Elaine Williams describes how teachers lost out when they transferred from one education authority to another. The telephone of Peter Blackburn, chief solicitor for St Helens Borough Council, hasn't stopped ringing for the past month.
He has been besieged by calls from worried local authorities after the Employment Appeals Tribunal upheld the case of seven teachers, a care worker and a gardener working in a home for young offenders, who have fought for the restoration of pay and conditions which were changed when control of the home transferred to St Helens from Lancashire County Council.
"A lot of local authorities are wondering how the decision will affect them," said Mr Blackburn. "So far Unison [representing the care worker and gardener] are claiming it as a triumph for employees but there is a lot of doubt in legal circles whether that is the case. Employers faced with this difficulty are more likely to dismiss employees than do what St Helens did and transfer them. "
The point of dispute centres on the fact that transferred staff were required to work to new contracts, which led to substantial losses in salary for some teachers. Ron Wilson, one of the teachers, lost as much as Pounds 7,000 a year in extraneous duties payments when Red Bank Controlled Community Home was taken over by St Helens from Lancashire in 1992. Another teacher has lost Pounds 27,000 in deducted allowances.
St Helens admits that should it accept the judgment of Mr Justice Mummery who presided over the appeals tribunal, back payments will be "substantial". The National Association of Schoolmasters Union of Women Teachers estimates them to be about Pounds 300,000.
Peter Bentley, the NASUWT regional official for the North-west, said staff at Red Bank were experienced and committed to working "with these very difficult children" and that losing substantial amounts of salary "overnight" had caused serious financial hardship.
At the time the teachers were faced with no job or a job on a lesser salary. At most they would have received Pounds 14,000 to Pounds 15,000 in redundancy with little prospect of gaining other jobs.
Staff felt embittered that they were being paid substantially less for working "in the same workshops, with the same lads", Mr Bentley said.
Although St Helens has lodged an application with the Court of Appeal, it is still considering whether or not to take the matter further as the costs involved will be substantial. If both council and union are convinced of the strength of their case the matter could end up in the House of Lords.
As things stand, the case has caused ripples of anxiety among councils across the country, particularly in those areas where control of services is being transferred to unitary authorities, many of whom are seeking to negotiate new contracts with employees.
Last year, a Liverpool industrial tribunal dismissed the claims of Ron Wilson and others that St Helens had made unlawful deductions from their wages in contravention of Section 1 of the Wages Act 1986.
The industrial tribunal ruled that, under 1981 regulations, the voluntary agreement by staff to a variation in their pay and conditions constituted a binding contract. It concluded that employees had been paid everything that was properly payable and that the council was not in breach of the Wages Act. Moreover, it was accepted that because employees continued to work for many months under the new contracts, that in itself constituted affirmation of the revised terms and conditions.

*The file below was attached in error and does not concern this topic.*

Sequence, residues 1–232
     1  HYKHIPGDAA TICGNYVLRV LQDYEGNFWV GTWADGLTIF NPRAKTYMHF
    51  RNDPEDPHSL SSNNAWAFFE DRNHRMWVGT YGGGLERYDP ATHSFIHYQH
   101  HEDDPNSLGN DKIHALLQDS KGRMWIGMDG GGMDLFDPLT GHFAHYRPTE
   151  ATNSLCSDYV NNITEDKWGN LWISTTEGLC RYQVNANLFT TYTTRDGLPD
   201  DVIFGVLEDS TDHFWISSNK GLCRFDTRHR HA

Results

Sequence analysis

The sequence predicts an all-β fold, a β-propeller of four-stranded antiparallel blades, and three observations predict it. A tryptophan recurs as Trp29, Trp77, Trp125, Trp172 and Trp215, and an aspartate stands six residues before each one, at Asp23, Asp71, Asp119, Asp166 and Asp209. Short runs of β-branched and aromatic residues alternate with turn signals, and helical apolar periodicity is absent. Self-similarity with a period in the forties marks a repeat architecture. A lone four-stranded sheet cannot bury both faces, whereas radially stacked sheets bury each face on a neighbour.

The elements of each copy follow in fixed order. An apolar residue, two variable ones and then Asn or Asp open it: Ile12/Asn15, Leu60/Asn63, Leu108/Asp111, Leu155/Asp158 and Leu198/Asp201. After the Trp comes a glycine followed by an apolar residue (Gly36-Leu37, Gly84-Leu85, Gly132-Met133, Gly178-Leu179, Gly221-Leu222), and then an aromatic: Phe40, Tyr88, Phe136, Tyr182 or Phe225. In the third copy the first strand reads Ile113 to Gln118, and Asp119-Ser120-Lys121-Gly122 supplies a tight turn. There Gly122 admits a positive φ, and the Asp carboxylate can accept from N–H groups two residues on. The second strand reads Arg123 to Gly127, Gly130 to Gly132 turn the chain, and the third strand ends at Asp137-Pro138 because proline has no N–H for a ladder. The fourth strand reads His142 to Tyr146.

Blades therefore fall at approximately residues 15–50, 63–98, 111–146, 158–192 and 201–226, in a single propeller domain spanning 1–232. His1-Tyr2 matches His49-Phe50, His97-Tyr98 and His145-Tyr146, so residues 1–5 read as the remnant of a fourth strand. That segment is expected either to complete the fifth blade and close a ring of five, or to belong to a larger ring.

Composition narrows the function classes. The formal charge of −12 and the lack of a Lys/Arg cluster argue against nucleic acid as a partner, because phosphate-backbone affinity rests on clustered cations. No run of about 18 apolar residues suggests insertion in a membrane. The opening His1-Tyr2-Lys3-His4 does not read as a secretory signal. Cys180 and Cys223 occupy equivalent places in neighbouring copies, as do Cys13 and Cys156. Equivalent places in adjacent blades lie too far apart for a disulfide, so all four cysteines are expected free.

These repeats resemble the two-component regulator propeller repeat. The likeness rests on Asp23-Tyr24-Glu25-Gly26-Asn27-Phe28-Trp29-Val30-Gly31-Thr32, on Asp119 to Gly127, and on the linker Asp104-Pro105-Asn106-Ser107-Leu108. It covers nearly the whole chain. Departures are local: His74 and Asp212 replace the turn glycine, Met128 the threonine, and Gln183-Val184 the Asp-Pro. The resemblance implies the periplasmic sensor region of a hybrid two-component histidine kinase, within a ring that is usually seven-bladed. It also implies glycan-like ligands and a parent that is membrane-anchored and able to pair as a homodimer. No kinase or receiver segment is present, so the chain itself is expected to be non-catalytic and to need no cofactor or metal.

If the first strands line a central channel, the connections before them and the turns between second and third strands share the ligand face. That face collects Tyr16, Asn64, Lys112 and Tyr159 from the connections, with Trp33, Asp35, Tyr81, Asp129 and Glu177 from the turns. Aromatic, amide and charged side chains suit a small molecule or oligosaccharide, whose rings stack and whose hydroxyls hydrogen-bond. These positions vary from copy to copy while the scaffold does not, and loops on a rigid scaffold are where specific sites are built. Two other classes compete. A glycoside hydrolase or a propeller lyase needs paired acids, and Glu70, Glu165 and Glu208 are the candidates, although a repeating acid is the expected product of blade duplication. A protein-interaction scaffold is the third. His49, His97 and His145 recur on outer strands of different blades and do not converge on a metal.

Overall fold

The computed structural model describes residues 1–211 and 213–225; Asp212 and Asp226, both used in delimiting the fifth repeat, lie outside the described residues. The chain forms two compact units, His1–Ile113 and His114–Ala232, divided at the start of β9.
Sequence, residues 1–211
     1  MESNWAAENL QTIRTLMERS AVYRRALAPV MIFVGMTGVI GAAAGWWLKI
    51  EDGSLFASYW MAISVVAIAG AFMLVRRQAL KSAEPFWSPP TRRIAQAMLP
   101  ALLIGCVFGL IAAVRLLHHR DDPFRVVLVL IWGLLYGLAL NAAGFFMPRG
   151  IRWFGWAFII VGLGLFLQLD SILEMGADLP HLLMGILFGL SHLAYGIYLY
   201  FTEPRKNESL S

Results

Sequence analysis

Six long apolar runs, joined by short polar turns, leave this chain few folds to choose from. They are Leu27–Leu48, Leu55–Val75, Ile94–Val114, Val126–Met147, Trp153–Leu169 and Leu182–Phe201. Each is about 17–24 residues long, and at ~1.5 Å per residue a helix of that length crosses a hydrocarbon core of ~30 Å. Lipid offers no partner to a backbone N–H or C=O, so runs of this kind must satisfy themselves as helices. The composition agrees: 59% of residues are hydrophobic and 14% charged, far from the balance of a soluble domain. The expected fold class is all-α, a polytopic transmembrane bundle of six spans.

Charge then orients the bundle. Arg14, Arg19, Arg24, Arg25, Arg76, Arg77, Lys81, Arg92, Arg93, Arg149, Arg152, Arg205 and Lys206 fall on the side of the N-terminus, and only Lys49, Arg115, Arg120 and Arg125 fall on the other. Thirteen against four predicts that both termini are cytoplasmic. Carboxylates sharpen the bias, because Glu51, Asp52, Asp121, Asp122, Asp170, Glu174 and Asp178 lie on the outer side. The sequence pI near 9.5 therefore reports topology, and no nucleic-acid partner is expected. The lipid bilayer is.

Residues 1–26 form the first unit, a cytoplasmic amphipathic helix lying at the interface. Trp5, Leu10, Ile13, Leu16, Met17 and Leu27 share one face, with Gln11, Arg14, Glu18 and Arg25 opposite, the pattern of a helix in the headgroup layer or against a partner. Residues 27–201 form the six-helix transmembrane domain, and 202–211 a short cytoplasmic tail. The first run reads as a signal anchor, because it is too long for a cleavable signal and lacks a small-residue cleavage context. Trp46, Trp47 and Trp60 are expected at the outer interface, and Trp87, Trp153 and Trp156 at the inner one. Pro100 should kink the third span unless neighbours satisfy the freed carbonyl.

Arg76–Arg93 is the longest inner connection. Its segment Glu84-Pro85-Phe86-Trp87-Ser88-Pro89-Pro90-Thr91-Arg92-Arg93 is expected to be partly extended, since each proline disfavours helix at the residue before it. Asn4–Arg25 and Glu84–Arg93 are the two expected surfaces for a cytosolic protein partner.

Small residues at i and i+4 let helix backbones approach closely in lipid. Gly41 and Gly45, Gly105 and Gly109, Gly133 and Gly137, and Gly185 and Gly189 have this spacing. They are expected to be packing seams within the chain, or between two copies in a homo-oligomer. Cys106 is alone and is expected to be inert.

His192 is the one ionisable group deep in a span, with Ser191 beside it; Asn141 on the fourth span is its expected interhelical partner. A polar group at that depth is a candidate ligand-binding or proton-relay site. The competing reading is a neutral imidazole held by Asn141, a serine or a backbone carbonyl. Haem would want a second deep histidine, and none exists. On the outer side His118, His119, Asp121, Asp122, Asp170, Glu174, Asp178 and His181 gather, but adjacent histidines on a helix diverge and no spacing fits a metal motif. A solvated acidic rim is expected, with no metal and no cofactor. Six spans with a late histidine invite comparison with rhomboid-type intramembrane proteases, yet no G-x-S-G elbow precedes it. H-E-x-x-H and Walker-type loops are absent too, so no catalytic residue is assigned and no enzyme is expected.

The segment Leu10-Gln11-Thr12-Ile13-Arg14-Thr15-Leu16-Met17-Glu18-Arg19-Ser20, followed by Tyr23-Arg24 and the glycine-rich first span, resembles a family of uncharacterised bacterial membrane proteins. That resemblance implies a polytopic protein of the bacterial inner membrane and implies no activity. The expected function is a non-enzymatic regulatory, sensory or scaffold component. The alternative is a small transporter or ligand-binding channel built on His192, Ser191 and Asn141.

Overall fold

At the Employment Appeals Tribunal (EAT), however, Justice Mummery drew attention to the decision by the European Court of Justice in the case of Daddy's Dance Hall - a bar in Denmark in which new owners had attempted to pay a barman on a fixed wage rather than commission. It had established that employees cannot accept new terms of a contract, even if those are more beneficial, at the point of transfer.
"The application of this case as a precedent has very significant implications," said Mr Blackburn for St Helens. "Even though staff were doing a completely different job with different terms and conditions under St Helens, the effect of the EAT decision is to bring across some of the terms and conditions that existed under Lancashire. Since it will be easier to dismiss staff rather than transfer them I fear many organisations will opt for the former."
Red Bank School is situated on a 20-acre site near Newton-le-Willows. Established by the Liverpool Juvenile Reformatory Association in 1868 it was built as a farm school for children in trouble.
Until 1992 it included training and assessment units for behaviourally disturbed children and a secure unit which represented 10 per cent of national provision for violent boys convicted of extremely serious crimes such as rape, manslaughter and murder.
In 1990 Lancashire decided to withdraw from Red Bank, which was expensive and, apart from the secure units, was underused, in favour of community-based alternatives.
Red Bank's trustees finally accepted St Helens' proposal to manage the home without incurring costs to the council, which would be achieved by offering the existing level of secure places on a fee-paying basis and reducing open provision from 80 to 24 places.
In the event more than 100 staff were either redeployed by Lancashire County Council, made redundant or, as in the case of seven teachers, transferred to St Helens. During this transfer three teachers had to give up on-site homes as well as losing salary through changes in allowances. Some were promoted from teacher to senior teacher, but they have lost special allowances.
Peter Bentley feels that the EAT ruling could protect other staff in similar circumstances. He said: "This ruling means that an employer, a new unitary authority for example, cannot say at the point of transfer we need to save money in this school and therefore staff on three salary points, say, will now be put on two."